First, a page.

Updated: Feb 28, 2020
When my son was 7 years old he rode along with my sister and I one Saturday morning when we decided to hit up some yard sales. We remarked that after you go to one you get "The Fever." He thought for a second and then added, and when you go to a lot you get the chicken pox! His youthful logic was hilarious - but he had a point!
My son, David Paul, and I began collecting orchids when he was about 7. By the time he was 8 we visited the Orchid Show at Fairchild Botanical Gardens in Miami. He brought his own money and the vendors were so enamored with him they began gifting him orchids. That was over 20 years ago and we are still growing and collecting orchids - So, in essence, you could say we have the Orchid Chicken Pox.
Because of this hobby, (read: "obsession,") I bought a beautiful art print of a white orchid. I stared at this print for months wondering how anyone could paint something so beautiful and life-like that it seemed you could reach out and touch the velvety softness of the petals of that orchid. Then one day, I thought, I am just going to give it a try.
I had inherited a box of paints from my Grandmother. I decided, why not? I am just going to try to paint that orchid until I can "get it right." As I began the painting I realized it seemed somehow familiar to me. I walked to my desk and there I found a box of notecards that I kept for years even though the cards were long since gone. On the cover of the box was a beautiful orchid set in a rainforest - it had to be the same artist. I turned the print over and found that it was. The artist was Martin Johnson Heade.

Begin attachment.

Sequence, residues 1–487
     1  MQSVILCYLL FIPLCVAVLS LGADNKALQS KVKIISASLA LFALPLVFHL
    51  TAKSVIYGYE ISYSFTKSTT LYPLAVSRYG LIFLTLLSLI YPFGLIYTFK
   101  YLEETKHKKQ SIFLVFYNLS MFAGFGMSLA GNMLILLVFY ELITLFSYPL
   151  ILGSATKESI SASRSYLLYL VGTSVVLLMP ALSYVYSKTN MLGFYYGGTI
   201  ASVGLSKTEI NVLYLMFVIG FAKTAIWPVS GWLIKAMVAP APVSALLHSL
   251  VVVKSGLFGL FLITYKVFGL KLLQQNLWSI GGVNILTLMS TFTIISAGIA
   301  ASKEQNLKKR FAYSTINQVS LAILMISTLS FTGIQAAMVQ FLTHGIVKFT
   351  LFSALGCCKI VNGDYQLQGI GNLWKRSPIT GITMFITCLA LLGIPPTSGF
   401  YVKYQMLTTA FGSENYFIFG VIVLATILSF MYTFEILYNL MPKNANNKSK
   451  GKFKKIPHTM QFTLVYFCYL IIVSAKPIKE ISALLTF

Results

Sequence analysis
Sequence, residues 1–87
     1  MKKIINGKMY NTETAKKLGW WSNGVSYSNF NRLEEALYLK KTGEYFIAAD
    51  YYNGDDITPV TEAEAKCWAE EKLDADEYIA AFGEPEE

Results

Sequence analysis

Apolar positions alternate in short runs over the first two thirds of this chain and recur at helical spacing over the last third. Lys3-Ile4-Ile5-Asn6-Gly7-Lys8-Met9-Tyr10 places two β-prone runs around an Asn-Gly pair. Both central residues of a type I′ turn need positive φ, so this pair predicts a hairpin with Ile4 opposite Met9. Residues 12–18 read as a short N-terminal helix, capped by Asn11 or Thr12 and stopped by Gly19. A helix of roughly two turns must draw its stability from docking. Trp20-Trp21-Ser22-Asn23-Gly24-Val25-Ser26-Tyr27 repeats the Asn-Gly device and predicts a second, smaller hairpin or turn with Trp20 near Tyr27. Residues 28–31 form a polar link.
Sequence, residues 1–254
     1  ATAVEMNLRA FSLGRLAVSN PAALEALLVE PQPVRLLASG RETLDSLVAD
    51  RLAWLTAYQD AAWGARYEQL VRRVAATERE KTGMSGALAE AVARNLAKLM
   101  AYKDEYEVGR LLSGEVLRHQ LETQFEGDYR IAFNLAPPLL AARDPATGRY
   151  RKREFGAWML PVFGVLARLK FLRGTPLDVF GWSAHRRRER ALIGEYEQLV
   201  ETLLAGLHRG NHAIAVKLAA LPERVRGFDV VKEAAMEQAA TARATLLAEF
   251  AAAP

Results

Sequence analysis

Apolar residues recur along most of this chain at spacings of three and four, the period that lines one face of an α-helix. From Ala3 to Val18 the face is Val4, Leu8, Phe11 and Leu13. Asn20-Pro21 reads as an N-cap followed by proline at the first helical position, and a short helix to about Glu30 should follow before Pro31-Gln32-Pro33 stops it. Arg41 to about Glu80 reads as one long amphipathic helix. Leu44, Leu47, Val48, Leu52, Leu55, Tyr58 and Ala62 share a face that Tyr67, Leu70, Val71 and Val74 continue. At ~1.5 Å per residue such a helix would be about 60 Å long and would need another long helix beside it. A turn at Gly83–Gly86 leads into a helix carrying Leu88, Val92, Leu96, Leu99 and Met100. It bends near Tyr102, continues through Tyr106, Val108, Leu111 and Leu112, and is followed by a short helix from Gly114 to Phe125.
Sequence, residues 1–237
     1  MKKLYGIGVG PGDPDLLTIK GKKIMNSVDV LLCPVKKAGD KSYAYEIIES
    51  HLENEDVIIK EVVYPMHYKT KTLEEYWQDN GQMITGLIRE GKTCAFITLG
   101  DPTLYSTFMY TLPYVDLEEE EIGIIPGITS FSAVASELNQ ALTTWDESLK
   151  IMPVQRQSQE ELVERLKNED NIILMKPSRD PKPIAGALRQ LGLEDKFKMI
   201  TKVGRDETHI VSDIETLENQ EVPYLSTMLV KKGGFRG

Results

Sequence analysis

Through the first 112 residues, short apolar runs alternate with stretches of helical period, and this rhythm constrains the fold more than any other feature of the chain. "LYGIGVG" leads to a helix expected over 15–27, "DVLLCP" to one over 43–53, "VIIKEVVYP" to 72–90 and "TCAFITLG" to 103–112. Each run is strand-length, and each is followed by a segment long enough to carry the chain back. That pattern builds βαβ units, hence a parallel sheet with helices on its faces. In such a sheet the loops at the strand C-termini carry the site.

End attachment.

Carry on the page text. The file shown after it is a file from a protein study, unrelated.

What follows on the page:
I rushed to my computer to research him and found to my utter amazement that he was from the New England area but lived out his final days as an Artist in Residence at the Hotel Ponce de Leon in St. Augustine Florida. I sat amazed because the Hotel Ponce de Leon, built in 1888 became Flagler College in the 50's. And I graduated from Flagler in 1984. So Mr. Heade and I had walked the same streets, worked in the same rooms and dined in the same dining room, - just 100 years apart.
Alas, my first "real painting" became a tribute to this artist and our connection.
I finished that one and then copied the yellow orchid painting that I found on the stationary box. And then, I looked at the wall of the guest room where I was painting and thought, "Why not?"
Painting opened up a lot of doors. God used it to change my life, enrich my life and the lives of others and in many ways God used it to save my life. But that is a story for another day.
I could go on and on about how a small decision made a big impact and continues to have ripple effects, but let me say this: Painting was not an end in itself -- it is always about the journey. When I get that in my head and heart I always enjoy my time at the easel exponentially more.
And such is life. Michael Card wrote: "There is a joy in the journey - There's a light we can love on the way: There is a wonder and wildness in life - and freedom for those who obey."
P. S. Have you learned to enjoy the journey?